The year was 1774, and it was a time of great tension and violence on the western frontier of the American colonies. In 1768, a treaty with the Iroquois had officially opened land west of the Appalachians for settlement. However, other Native American nations such as the Shawnee and Mingo did not accede to the treaty, and as settlers began arriving in their hunting grounds they made their displeasure known. Among the first victims was a small party that included a teenage son of famed frontiersman Daniel Boone, killed in a massacre Continue reading

Man of Many Madisons

Hugh Barnett lived in four states but resided only in Madison County.

He was born in 1790, in the recently-formed Madison County, Virginia. Two years later Kentucky was carved out of Virginia to become its own state, and the county became Madison County, Kentucky. As a young man he moved to Madison County, Alabama where his children were born. And finally he led his grown family on a last move to Madison County, Tennessee in 1849. He died there in 1854.

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Modern Google map showing the relationship and present driving distance between Madison Counties in Kentucky, Alabama, and Tennessee. Google doesn’t seem to offer a travel time estimate for horse-drawn wagon.

Hugh’s parents likely moved to the Kentucky frontier from Mecklenburg County, NC, where the Barnetts had a large presence within the Presbyterian churches of the area. Family stories identify them as part of the Scotch-Irish community – Continue reading

Pleasant

NPG 3893; Anthony Ashley-Cooper, 1st Earl of Shaftesbury after John Greenhill

Anthony Ashley Cooper, 1st Earl of Shaftesbury, painting in the National Portrait Gallery in London

From the misty legends of the 17th century come many tales about the ancestors of Pleasant Johnson. His surname is allegedly handed down from the lords of Caskieben in northern Scotland near present-day Inverurie, though his immigrant ancestor was far removed from lordship being the son of a litster (or dyer) in Aberdeen. One grandmother was from a family of Moorman’s – English Quakers who set sail from Barbados in 1670 with the party that founded Charleston, South Carolina but themselves continued up the coast to the established colony of Virginia. His other grandmother was descended from a Huguenot goldsmith who immigrated from Geneva, Switzerland. Much asserted but difficult to prove is descent from an illegitimate daughter of Anthony Ashley-Cooper, 1st Earl of Shaftesbury and one of the eight Lord Proprietors of the land that eventually became North and South Carolina.

The Quaker part, at least, is known to be true. Continue reading

Mystery Man of Madison County

In 1818, the Chickasaw signed a treaty ceding the last of their territory in Tennessee to the United States – the area between the Tennessee and Mississippi Rivers. Immediately, settlers from middle and eastern Tennessee, northern Alabama, and Kentucky began to move west into the newly available land. By 1821, there were enough new inhabitants to create local governments throughout the area, including that of Madison County. Among dozens of names on the petition asking the State of Tennessee to establish Madison that year was John Nelson, who was the great-grandfather of Edgar Luther Nelson and the original west-Tennessee Nelson in this family.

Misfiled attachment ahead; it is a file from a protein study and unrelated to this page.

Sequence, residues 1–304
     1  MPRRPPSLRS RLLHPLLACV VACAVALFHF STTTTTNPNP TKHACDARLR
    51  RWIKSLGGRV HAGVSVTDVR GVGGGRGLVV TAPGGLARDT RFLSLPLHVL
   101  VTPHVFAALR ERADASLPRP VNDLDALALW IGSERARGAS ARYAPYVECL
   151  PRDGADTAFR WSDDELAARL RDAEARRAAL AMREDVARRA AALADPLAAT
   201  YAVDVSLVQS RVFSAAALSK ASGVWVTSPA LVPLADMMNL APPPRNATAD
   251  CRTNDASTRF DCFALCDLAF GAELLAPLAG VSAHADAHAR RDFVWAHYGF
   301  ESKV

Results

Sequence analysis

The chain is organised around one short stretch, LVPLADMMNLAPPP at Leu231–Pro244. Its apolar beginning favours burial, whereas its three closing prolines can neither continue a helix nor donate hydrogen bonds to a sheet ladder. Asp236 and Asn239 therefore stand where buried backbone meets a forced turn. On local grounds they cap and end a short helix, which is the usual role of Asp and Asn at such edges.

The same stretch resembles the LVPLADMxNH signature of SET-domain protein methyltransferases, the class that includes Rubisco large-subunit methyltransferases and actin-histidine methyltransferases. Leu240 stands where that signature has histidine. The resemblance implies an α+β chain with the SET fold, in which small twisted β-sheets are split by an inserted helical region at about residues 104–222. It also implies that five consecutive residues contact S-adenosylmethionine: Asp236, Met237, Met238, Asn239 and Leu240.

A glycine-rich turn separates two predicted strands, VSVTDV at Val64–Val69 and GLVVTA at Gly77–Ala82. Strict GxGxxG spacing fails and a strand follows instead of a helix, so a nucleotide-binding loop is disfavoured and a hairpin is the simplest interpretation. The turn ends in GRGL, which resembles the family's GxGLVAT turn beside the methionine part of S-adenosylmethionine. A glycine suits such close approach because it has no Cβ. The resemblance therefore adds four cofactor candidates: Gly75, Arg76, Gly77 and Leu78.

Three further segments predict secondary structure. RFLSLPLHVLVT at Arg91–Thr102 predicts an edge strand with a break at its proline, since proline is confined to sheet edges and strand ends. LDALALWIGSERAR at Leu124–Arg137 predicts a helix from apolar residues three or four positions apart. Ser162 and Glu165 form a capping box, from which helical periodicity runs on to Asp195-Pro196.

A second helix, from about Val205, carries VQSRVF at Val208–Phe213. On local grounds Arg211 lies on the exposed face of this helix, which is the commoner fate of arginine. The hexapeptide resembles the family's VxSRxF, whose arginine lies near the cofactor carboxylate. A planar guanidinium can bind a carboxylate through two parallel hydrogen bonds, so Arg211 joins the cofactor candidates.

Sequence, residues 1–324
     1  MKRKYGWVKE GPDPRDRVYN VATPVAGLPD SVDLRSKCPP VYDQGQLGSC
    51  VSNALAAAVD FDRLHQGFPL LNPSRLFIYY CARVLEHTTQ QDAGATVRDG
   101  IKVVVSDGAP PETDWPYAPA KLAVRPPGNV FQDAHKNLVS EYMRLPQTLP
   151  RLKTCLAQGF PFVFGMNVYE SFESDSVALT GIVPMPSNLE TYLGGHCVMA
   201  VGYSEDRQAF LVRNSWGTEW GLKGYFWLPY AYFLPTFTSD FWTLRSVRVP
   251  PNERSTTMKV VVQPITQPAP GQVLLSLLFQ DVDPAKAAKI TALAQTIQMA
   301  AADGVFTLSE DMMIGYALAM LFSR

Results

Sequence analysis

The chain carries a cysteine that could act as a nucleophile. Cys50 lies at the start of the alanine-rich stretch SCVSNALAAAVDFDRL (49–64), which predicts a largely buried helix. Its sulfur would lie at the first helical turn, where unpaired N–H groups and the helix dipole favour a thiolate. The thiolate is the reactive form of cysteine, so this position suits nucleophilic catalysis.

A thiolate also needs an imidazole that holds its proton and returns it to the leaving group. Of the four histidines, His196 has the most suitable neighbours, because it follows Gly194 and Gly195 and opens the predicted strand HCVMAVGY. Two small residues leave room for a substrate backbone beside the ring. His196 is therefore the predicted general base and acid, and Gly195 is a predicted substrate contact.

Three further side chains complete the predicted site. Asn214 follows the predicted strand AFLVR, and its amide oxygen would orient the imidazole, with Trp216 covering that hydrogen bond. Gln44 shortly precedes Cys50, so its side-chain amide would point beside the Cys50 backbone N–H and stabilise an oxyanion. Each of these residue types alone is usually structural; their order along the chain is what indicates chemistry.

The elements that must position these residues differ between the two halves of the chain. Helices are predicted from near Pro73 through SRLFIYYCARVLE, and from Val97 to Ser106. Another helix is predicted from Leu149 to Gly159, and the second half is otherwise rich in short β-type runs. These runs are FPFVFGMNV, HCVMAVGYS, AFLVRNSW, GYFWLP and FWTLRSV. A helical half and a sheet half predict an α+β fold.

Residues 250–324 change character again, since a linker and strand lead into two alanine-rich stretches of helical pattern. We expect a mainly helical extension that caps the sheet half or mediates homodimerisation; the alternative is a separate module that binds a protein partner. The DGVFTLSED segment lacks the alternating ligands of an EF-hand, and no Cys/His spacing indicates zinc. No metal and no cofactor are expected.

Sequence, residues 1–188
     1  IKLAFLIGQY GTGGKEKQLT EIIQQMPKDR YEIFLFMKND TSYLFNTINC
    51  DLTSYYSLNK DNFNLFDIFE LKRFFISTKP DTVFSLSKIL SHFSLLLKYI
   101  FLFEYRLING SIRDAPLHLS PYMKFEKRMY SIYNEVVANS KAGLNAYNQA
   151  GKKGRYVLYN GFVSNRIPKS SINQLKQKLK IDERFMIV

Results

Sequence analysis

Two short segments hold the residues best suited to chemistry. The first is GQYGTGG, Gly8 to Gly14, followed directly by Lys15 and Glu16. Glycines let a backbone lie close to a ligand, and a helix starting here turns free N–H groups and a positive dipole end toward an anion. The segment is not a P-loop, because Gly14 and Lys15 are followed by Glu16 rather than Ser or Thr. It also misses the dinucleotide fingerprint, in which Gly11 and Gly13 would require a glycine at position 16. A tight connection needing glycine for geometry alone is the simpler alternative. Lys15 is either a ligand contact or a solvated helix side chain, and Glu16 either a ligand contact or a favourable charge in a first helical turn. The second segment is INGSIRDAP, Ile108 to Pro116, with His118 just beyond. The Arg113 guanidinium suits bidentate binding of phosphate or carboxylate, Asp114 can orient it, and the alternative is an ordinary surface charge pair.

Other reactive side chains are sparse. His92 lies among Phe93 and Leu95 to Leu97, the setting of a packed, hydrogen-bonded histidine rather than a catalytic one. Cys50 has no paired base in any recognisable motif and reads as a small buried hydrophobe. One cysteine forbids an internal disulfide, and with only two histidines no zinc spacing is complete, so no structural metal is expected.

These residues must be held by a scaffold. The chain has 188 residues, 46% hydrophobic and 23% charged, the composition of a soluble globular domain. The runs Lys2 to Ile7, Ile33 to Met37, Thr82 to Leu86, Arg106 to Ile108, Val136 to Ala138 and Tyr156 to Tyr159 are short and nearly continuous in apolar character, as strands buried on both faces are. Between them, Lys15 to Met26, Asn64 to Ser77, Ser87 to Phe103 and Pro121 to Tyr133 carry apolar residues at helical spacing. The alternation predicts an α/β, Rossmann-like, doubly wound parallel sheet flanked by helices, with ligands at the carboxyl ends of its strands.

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Map of Tennessee in 1818 before Chickasaw Cession. Compare to 1827 Map.

Despite much searching, the origin of John remains a Mystery. I love a good mystery, but only if I am eventually able to solve it, and this one so far has produced more frustration and less happiness. Even the John Paysinger mystery seems to have a closer ultimate answer, in part because the Nelsons suffer from the genealogical Curse of the Common Name. Both online and print-material searches for “John Nelson” – an unfortunately oft-used English name – provide many to pick from and little guidance as to relevance. Continue reading

Mail on the Rails

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Charles Paysinger, age 17

By the time Charles Paysinger married Lola Belle Tenery on Christmas Eve, 1899, their families had been in the adjacent Lincoln and Giles Counties, Tennessee, for four generations. While many aunts, uncles, and cousins pursued their fortunes westward to Arkansas, Texas, or elsewhere, the portions of the family that remained had set deep roots along the Tennessee and Alabama border, having been there virtually since the beginning of European-American settlement. But the world was changing at the turn of the century and Charles and Lola Belle would pull up those roots and become members of the 20th century economy – following job and career opportunities – rather than engaging in the 19th century’s relentless westward pursuit of new agricultural land. Continue reading

The Tenery Tennessee Farm

Farming. It was the occupation of most of the family in Virginia, North Carolina, Kentucky, Tennessee and Alabama until the 20th century. The quest for farmland drove much of U.S. western expansion and settlement, and thus brought much of this family to Tennessee from states on the eastern seaboard. So what did one of these farms look like? Continue reading